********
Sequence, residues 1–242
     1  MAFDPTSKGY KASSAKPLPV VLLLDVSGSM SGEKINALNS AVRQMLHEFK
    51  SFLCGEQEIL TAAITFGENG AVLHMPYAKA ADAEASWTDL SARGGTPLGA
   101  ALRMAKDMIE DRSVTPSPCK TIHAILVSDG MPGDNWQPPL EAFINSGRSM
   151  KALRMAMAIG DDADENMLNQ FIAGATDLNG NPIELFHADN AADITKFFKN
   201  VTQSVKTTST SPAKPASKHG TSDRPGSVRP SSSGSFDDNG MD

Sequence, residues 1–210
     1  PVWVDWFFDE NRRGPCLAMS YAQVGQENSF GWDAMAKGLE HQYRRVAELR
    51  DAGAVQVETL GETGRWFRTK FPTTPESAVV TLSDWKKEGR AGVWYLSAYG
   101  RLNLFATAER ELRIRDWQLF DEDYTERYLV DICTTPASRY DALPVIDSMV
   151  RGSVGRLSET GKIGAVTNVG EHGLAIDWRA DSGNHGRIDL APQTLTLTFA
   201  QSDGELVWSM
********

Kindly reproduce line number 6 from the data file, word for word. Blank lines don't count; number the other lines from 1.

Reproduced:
   201  VTQSVKTTST SPAKPASKHG TSDRPGSVRP SSSGSFDDNG MD